Meet Micky Lindlar
For our Autumn Newsletter, we spoke to Micky Lindlar, an OPF director, and highly active member of the digital preservation community:
Tell us a bit about yourself and your role
I am a Technical Analyst at TIB – Leibniz Information Centre for Science and Technology, which functions as the German National Subject Library for Science and Technology. To put it very broadly: within that role I am responsible for everything concerning “file formats” and “workflows” – including tasks like trouble shooting dodgy PDFs, finding & testing tools to handle different formats and specifying & configuring workflows within our system.
I also lead TIB’s digital preservation team of 5 in daily operations for the preservation of our institutions’ holdings and those holdings of customers, who subscribe to our Digital-Preservation-as-a-Service (DPaaS) offering. The Digital Preservation Lead position naturally comes with the responsibility of ensuring that our processes are still in-line with technological dependencies, producer & user requirements as well as good practice.
How did you get here? What was your path into digital preservation?
I suppose most of us don’t really have a “straight path into digital preservation” and I’m no different. However, when I discovered the field it seemed like everything I had done in life came together – a feeling I still have almost 10 years into my digital preservation life and I consider myself lucky to have ended up in a job I’m still excited about every day.
I’ve always had a deep desire to understand how things worked. As a kid, I had the habit of taking apart various appliances to see how they worked, much to my family’s despair. Later in life, I studied English with a focus on American Literature, because I wanted to better understand the USA as a country and a society. I had a similar motivation for my degree in computer science – I wanted to understand computers better … and figure out how to beat games by finding and exploiting bugs 😉 I worked as an IT administrator for over 6 years and while I really learned a lot in that position and loved the job, I felt there was more. During my student life, I had worked at various university libraries – fond memories of that time led me to a Master’s Program for Library and Information Science, where I learned about Digital Preservation and was hooked immediately. At about the same time, I was fortunate enough to come across a digital preservation position at ZB MED, Information Centre for Life Sciences. TIB, ZB MED and ZBW cooperated in the Goportis Digital Preservation Pilot Project and at the end of the project, I moved on to TIB who hosts the consortially used system.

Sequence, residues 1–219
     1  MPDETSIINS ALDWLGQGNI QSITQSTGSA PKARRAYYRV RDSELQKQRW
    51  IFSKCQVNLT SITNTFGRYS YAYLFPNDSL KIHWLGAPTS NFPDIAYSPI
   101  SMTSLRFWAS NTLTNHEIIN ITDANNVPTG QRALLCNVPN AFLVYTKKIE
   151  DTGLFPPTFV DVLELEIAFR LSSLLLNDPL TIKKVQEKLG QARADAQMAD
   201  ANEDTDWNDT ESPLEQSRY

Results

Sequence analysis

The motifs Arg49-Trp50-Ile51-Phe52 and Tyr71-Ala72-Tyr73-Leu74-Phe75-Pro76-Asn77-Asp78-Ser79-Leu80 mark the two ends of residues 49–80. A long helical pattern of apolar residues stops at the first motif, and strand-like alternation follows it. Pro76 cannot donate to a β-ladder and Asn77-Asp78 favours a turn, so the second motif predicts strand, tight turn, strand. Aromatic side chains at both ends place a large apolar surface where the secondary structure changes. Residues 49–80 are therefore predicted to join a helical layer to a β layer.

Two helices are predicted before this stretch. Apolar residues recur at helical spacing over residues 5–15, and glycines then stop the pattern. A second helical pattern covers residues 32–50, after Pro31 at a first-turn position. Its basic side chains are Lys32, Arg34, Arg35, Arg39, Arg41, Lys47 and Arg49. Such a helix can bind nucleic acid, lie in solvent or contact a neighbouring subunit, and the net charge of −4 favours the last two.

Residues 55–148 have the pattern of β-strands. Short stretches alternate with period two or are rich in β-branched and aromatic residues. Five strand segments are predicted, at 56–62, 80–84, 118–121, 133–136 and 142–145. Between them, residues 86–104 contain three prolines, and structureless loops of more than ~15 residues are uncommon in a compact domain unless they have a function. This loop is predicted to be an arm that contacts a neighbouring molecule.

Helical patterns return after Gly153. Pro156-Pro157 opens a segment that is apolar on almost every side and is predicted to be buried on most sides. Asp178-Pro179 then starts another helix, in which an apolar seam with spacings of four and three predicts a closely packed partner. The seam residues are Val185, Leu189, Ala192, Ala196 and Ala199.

What are you working on at the moment?
In addition to the day-to-day stuff, we always have several projects going on. One of those is Core Trust Seal Certification – we already completed Data Seal of Approval certification in 2015, followed by nestor seal certification in 2017. At TIB, we see certification as a way to ensure our documentation of processes is where we’d like it to be at and we are currently planning to recertify every 1.5 years, alternating between CTS and nestor certification. We recently reported on our invested resources and the return on that investment in an iPRES 2018 paper.